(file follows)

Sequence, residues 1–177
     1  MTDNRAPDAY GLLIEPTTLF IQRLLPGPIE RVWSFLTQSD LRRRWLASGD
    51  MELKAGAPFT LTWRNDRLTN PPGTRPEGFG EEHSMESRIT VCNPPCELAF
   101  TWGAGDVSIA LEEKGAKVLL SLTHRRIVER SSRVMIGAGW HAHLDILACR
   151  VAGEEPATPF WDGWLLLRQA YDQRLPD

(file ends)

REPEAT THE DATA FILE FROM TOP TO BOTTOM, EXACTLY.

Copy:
Sequence, residues 1–177
     1  MTDNRAPDAY GLLIEPTTLF IQRLLPGPIE RVWSFLTQSD LRRRWLASGD
    51  MELKAGAPFT LTWRNDRLTN PPGTRPEGFG EEHSMESRIT VCNPPCELAF
   101  TWGAGDVSIA LEEKGAKVLL SLTHRRIVER SSRVMIGAGW HAHLDILACR
   151  VAGEEPATPF WDGWLLLRQA YDQRLPD